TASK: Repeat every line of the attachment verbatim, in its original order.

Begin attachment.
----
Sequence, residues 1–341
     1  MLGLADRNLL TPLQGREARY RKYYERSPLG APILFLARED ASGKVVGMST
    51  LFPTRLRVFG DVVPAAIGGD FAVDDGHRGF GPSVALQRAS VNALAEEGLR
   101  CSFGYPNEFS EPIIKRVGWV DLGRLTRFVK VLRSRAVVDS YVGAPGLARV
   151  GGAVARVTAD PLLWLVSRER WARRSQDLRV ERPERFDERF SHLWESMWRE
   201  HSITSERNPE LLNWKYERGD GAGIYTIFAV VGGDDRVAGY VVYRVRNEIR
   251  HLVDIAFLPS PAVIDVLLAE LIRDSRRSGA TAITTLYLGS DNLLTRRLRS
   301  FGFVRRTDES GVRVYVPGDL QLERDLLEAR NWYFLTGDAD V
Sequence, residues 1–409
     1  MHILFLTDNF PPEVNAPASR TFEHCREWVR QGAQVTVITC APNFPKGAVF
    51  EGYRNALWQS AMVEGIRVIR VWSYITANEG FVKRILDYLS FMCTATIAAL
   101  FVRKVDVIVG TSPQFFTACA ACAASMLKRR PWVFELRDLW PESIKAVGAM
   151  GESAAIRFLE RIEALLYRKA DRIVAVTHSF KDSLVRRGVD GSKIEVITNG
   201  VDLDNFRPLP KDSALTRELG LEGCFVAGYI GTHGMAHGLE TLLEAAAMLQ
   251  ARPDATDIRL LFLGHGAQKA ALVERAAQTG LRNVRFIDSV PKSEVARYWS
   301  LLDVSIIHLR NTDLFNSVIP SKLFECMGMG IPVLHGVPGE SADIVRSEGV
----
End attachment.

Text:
Sequence, residues 1–341
     1  MLGLADRNLL TPLQGREARY RKYYERSPLG APILFLARED ASGKVVGMST
    51  LFPTRLRVFG DVVPAAIGGD FAVDDGHRGF GPSVALQRAS VNALAEEGLR
   101  CSFGYPNEFS EPIIKRVGWV DLGRLTRFVK VLRSRAVVDS YVGAPGLARV
   151  GGAVARVTAD PLLWLVSRER WARRSQDLRV ERPERFDERF SHLWESMWRE
   201  HSITSERNPE LLNWKYERGD GAGIYTIFAV VGGDDRVAGY VVYRVRNEIR
   251  HLVDIAFLPS PAVIDVLLAE LIRDSRRSGA TAITTLYLGS DNLLTRRLRS
   301  FGFVRRTDES GVRVYVPGDL QLERDLLEAR NWYFLTGDAD V
Sequence, residues 1–409
     1  MHILFLTDNF PPEVNAPASR TFEHCREWVR QGAQVTVITC APNFPKGAVF
    51  EGYRNALWQS AMVEGIRVIR VWSYITANEG FVKRILDYLS FMCTATIAAL
   101  FVRKVDVIVG TSPQFFTACA ACAASMLKRR PWVFELRDLW PESIKAVGAM
   151  GESAAIRFLE RIEALLYRKA DRIVAVTHSF KDSLVRRGVD GSKIEVITNG
   201  VDLDNFRPLP KDSALTRELG LEGCFVAGYI GTHGMAHGLE TLLEAAAMLQ
   251  ARPDATDIRL LFLGHGAQKA ALVERAAQTG LRNVRFIDSV PKSEVARYWS
   301  LLDVSIIHLR NTDLFNSVIP SKLFECMGMG IPVLHGVPGE SADIVRSEGV